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- GDP (PPP):
- $16.0 billion
- 0.1% growth
- 2.2% 5-year compound annual growth
- $1,264 per capita
- Inflation (CPI):
- FDI Inflow:
Guinea’s economic freedom score is 52.2, making its economy the 146th freest in the 2018 Index. Its overall score has increased by 4.6 points, with impressive improvements in fiscal health, property rights, and judicial effectiveness easily outpacing declines in the tax burden, business freedom, and labor freedom indicators. Guinea is ranked 29th among 47 countries in the Sub-Saharan Africa region, and its overall score is below the regional and world averages.
The biggest threats that Guinea faces are political instability, reemergence of Ebola, and low commodity prices. For macroeconomic stability and enhanced economic growth, the government is committed to liberalizing the exchange rate and improving budget management. The lack of a consistent commitment to structural reform in the past has prevented new investment in the mining sector. Corruption and the judicial system’s vulnerability to political interference have weakened the rule of law and the protection of property rights.
In 2010, Alpha Condé won Guinea’s first presidential election since independence from France in 1958, but the election was marred by irregularities and political violence. Condé easily won a second five-year term in October 2015 in elections boycotted by the opposition. His Rally of the Guinean People coalition lost its slim majority in parliament in February 2017, but the opposition is not united, and Condé still enjoys relatively wide support. The 2014 West Africa Ebola outbreak badly damaged Guinea’s health care system and economy. Guinea has huge bauxite reserves and large deposits of iron ore, gold, and diamonds. In 1967, Guinea became the first African country to sever diplomatic ties with Israel; it reestablished them in 2016.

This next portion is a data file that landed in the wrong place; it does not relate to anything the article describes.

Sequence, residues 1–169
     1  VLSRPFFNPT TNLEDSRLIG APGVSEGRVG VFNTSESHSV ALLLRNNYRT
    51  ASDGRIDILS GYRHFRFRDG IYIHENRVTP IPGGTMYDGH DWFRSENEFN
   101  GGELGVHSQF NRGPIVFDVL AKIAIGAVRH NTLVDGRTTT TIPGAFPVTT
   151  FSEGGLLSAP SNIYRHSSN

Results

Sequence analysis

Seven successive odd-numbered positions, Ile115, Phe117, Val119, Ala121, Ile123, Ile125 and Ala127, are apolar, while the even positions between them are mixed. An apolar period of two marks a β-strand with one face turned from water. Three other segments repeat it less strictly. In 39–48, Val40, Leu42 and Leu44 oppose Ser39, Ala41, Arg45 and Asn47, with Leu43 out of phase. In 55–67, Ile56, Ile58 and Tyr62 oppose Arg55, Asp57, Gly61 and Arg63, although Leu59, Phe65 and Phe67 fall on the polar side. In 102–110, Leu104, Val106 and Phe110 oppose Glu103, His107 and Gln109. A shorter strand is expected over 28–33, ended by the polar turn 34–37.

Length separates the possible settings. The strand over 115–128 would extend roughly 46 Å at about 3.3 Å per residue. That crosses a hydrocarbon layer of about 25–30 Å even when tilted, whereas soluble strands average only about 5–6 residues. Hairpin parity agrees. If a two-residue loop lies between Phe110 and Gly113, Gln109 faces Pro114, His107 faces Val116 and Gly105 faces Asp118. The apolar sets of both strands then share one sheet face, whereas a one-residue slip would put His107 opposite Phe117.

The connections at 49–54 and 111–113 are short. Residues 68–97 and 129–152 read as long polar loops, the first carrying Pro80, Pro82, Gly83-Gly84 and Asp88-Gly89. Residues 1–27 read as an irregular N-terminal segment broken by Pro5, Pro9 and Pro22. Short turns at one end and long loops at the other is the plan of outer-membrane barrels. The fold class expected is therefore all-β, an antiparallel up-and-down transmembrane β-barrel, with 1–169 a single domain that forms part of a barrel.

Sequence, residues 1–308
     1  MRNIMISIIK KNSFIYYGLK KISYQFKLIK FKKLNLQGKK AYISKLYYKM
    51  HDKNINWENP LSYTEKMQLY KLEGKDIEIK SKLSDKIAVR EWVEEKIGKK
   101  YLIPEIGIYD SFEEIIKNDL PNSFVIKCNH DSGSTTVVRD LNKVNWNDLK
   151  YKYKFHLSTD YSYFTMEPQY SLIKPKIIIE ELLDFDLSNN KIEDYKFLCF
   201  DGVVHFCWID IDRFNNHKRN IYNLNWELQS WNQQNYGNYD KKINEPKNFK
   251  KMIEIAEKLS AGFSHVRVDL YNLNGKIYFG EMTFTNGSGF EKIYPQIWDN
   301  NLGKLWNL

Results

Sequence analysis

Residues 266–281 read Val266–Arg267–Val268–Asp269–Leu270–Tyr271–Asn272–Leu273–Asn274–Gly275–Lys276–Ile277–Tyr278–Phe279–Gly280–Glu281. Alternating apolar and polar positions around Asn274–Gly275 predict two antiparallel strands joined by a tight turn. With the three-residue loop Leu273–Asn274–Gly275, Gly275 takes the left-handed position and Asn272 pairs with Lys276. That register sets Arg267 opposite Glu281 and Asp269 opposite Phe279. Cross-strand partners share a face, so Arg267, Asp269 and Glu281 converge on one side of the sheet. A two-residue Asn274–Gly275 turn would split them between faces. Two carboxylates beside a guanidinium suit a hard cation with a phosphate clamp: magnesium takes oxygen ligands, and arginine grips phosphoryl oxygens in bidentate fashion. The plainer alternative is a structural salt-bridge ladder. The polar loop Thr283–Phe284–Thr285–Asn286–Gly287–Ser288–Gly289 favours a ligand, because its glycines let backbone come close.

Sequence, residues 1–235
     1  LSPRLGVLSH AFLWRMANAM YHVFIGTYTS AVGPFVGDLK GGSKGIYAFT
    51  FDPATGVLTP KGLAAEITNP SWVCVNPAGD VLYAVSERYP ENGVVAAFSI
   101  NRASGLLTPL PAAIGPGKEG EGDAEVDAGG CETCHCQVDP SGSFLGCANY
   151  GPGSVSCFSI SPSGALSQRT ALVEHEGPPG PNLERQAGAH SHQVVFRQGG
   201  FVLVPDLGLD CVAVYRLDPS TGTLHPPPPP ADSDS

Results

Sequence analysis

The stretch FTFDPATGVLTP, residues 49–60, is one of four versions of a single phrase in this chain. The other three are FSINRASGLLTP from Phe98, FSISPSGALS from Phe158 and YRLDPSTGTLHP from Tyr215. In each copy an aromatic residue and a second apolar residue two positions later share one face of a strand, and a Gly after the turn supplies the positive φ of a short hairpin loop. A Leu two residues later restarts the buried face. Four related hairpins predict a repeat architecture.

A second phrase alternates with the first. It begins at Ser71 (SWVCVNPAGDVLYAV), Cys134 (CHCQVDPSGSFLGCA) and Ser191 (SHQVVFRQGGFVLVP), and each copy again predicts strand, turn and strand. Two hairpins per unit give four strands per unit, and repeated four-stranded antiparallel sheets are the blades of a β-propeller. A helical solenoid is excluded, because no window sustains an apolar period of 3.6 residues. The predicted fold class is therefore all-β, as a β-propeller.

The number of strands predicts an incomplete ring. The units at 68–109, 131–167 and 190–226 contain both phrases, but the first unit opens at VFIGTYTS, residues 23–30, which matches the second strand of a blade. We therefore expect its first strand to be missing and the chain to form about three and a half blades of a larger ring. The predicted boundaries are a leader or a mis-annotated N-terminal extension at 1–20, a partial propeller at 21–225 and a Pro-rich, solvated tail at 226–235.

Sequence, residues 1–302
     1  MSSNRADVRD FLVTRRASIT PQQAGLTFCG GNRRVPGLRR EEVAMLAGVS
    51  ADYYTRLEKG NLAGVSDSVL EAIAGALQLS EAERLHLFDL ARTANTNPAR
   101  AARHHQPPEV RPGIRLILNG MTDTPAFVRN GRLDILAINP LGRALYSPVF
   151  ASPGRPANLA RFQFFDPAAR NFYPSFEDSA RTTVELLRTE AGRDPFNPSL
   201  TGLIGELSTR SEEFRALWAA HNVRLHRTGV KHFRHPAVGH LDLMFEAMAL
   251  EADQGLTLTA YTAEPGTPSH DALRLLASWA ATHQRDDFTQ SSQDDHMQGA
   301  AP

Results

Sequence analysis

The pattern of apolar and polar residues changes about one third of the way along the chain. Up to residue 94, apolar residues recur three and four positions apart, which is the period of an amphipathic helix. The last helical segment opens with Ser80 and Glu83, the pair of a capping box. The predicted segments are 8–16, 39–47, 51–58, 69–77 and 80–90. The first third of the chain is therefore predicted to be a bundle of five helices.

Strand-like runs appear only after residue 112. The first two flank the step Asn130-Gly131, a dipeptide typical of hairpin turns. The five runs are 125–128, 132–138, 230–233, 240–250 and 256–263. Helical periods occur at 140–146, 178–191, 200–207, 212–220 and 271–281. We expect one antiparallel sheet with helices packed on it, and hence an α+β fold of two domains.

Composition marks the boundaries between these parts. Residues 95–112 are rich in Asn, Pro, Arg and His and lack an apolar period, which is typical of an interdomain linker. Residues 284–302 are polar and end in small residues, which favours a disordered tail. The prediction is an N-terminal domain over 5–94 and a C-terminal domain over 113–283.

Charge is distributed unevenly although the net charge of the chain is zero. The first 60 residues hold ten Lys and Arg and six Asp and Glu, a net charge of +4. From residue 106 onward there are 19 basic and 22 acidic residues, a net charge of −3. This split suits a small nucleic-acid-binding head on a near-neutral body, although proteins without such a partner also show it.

Both foreign and Guinean individuals have the right to own property and business enterprises, but enforcement of these rights depends on a corrupt and inefficient legal and administrative system. In addition, land sales and business contracts generally lack transparency. There is a pervasive culture of impunity and corruption within public institutions.
The top personal income tax rate is 40 percent, and the top corporate tax rate is 35 percent. Other taxes include value-added and inheritance taxes. The overall tax burden equals 24.1 percent of total domestic income. Over the past three years, government spending has amounted to 25.4 percent of total output (GDP), and budget deficits have averaged 4.5 percent of GDP. Public debt is equivalent to 56.0 percent of GDP.
Incorporation and operation of private enterprises face numerous bureaucratic and regulatory hurdles, although in 2016, the government did make it easier for businesses to resolve insolvency. The labor code is not uniformly enforced, and a 2011 report reflects that about 40 percent of children work in hazardous conditions in violation of the code. Despite lower world oil prices, the government has maintained fuel and electricity subsidies.
Trade is significant for Guinea’s economy; the combined value of exports and imports equals 70 percent of GDP. The average applied tariff rate is 11.9 percent. Nontariff barriers impede trade. Government openness to foreign investment is below average. The underdeveloped financial sector is a serious impediment to private-sector growth. Most economic activity remains outside of the formal banking sector.